Wilt Hildenbrand, a long-time exec of Cablevision Systems Corp. and cable engineering pioneer and industry legend, has died of a heart attack at the age of 70, multiple people in the industry have confirmed.
During his cable career, Hildenbrand spent about three decades with Cablevision, starting there as chief engineer of the company's Long Island system in 1976, and rose to become its top technology and engineering executive, including many years as Cablevision's executive vice president of technology and engineering. He also served as director of engineering for Rainbow Media Holdings from 1979 to 1986, where he designed and built a microwave network that cablecast baseball games and later became the SportsChannel.
Hildenbrand, who was retired and a mentor to many, also served as a senior advisor at Cablevision, focused on customer care, technology and networks, prior to Cablevision’s acquisition by Altice in 2016.
Hildenbrand, known as a straight-shooter and for his penchant for salty language, led Cablevision’s technology and engineering strategy over the decades, enabling the operator to go in ambitious directions that did not always match the path being taken by many of Cablevision’s U.S. peers.
Under his leadership, for example, Cablevision made the move to digital video services without being forced into what was then a video conditional access/security duopoly that was dominated by General Instrument/Motorola and Scientific Atlanta. Cablevision, instead, carved out a path with NDS, using Simulcrypt, that provided Cablevision with more flexibility that many of its U.S. MSO peers. Cablevision eventually did a big deal that included S-A set-tops and headends, but was able to keep the NDS conditional access element (initially by using a Smartcard), a decision that later paved the way toward Cablevision’s rollout of a downloadable security platform.
Cablevision also went against the grain in 2002 via an eye-opening, $1 billion set-top deal with Sony and, in another controversial move, even left CableLabs for a brief period. It was also an early adopter of a cloud-based system from ActiveVideo (now a joint venture of Charter Communications and Arris) that delivered interactive applications to older, non-IP-speaking set-top boxes.
Hildenbrand was also at the technology helm at Cablevision as it faced off against Verizon Fios and developed new, faster broadband offerings to stave off the new fiber-fueled threat. Cablevision, for example, was a first mover among U.S. MSOs to tee up a 100 Mbps residential broadband offering.
Among his industry accolades, Hildenbrand in 2005 was recognized with a Vanguard Award in the area of Science & Technology. He was also honored as CED’s “Man of the Year” in its January 1996 issue, which detailed some of Cablevision's early work in new areas such as "enhanced" pay-per-view and video-on-demand.
"We're small, we don't have that much staff, and we're busy," he told CED then, unapologetic that Cablevision’s technology decisions tended to zig when the rest of the MSOs were zagging. "This is a high-task company, so we don't spend a lot of time pontificating, we just go do."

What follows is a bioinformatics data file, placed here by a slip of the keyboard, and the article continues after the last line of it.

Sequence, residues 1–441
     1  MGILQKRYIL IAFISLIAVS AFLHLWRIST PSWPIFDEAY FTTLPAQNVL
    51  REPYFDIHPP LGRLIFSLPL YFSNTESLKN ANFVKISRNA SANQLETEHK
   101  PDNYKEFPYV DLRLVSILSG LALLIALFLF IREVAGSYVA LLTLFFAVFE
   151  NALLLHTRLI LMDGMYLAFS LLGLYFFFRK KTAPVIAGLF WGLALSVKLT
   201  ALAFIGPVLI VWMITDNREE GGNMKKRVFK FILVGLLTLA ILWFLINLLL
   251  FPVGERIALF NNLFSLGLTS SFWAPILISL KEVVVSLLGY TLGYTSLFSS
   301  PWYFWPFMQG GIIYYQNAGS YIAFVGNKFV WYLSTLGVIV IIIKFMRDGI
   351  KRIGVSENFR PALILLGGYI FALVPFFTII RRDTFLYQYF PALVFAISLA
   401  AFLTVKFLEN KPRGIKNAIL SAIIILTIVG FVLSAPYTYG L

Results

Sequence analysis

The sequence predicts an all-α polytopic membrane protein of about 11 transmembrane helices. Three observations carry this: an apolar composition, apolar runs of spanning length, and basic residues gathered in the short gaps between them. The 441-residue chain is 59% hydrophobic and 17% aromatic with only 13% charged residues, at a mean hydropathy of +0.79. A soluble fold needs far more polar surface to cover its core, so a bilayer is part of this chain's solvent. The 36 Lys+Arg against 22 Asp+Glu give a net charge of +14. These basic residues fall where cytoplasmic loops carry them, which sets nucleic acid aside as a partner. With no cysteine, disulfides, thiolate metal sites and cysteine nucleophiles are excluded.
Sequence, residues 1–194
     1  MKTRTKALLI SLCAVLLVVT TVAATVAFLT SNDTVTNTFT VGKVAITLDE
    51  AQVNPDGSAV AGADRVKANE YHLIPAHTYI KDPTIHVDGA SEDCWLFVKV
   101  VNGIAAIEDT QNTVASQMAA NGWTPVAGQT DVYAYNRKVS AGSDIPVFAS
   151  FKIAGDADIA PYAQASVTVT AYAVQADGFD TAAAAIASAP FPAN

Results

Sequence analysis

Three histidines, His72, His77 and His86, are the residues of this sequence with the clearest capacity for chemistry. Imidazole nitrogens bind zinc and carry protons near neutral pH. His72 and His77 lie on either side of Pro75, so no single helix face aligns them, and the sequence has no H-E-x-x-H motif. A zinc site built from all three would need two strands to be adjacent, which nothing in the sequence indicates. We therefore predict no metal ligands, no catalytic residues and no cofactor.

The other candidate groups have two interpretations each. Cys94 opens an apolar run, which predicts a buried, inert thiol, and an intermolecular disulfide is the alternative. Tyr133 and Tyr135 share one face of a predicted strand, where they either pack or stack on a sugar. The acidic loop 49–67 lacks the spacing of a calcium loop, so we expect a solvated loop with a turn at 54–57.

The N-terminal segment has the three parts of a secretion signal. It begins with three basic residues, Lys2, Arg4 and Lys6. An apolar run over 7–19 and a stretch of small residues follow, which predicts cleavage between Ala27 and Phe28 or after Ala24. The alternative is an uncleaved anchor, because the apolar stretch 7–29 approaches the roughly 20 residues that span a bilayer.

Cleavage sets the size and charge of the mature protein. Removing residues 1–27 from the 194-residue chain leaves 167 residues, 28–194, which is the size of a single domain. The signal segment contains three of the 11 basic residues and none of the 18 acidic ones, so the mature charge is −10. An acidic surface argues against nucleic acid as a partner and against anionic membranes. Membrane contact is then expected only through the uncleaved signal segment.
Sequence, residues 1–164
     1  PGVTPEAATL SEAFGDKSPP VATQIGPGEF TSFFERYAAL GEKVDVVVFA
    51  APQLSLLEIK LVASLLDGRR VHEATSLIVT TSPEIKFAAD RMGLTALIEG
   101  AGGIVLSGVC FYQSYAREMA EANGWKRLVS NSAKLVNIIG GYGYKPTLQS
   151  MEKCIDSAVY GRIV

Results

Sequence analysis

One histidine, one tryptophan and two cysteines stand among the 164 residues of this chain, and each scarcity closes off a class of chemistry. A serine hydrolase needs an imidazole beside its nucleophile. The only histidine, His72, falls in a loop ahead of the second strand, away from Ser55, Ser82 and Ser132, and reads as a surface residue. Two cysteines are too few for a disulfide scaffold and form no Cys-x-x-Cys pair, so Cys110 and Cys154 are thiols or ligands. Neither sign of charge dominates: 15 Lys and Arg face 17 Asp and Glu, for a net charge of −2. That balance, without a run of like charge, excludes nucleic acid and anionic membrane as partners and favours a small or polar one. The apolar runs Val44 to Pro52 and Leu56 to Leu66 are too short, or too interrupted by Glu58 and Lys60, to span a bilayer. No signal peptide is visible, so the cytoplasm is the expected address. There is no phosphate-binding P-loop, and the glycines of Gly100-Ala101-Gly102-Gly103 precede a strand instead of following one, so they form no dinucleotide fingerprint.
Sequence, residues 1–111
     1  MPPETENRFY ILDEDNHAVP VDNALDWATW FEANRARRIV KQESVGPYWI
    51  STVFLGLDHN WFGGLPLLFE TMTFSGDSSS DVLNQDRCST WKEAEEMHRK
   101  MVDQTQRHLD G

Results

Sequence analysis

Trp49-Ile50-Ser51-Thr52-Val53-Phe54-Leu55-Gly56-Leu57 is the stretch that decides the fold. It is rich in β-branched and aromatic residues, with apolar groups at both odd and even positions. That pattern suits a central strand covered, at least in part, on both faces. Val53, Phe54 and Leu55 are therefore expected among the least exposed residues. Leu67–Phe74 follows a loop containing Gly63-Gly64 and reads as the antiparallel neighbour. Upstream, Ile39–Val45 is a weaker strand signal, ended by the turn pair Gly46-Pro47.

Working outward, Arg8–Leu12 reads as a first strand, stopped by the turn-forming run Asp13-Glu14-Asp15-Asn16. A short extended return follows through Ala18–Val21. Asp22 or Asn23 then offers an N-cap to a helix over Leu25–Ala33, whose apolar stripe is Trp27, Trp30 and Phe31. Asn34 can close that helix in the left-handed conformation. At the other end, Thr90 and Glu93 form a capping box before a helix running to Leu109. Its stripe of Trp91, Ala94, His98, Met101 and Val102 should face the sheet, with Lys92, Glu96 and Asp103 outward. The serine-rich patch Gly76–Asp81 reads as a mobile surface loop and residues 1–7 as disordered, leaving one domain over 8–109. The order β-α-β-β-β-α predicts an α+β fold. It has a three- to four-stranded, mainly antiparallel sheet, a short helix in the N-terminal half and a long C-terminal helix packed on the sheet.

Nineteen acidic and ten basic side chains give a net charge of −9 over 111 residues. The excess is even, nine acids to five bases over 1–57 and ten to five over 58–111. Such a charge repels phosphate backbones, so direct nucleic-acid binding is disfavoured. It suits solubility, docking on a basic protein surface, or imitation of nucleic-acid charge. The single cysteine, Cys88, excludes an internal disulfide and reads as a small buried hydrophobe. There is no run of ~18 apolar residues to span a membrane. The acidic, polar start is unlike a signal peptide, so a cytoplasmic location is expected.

He didn't think of himself as a contrarian, but didn't mind that he (and Cablevision) sometimes thought out of the box. "I cherish that. I really do," he said. "I think differently about a lot of things. I'm just weird. I accept that."
Long before the days OTT video, Hildenbrand knew that the only constant for the cable industry was change and that operators would need to continually evolve.
“There’s no one piece to this constantly changing puzzle,” he told Multichannel News in this Q&A from 2005. “For me, the key to surviving this is you have to pull back away from it a little bit and look at the whole mosaic and see what direction it points to. If you look at any one of the things too closely, they look like ends to themselves.”
Even then, he realized that the future of the set-top box would include the integration of broadband connectivity – for content and interactive apps -- as cable modem services were still in their nascent stages.
“What if the set-top box also could leverage the high-bandwidth platform? What could I do to enhance the set-top applications?” he asked.
He also understood the importance of intuitive, next-gen set-top box navigation as VOD started to become a key part of cable’s video arsenal.
“I could put 10,000 video-on-demand movies on the system,” he said. “The challenge is how do I get you to know they are there? And how do I get you to navigate through them? Without figuring out the answer to navigation, all the other things we’re working on are trite.”
In addition to being an important, influential figure in his own industry, Cablevision customers also appreciated Hildenbrand’s candor and the direct attention he provided, often engaging with them on an individual basis. Several customers, including those who recall personal interactions with Hildenbrand, have been expressing their gratitude and sharing stories on the DSL Reports message board following word of his passing.
Multichannel News will share more details, including information about memorial services for Hildenbrand, as they become available.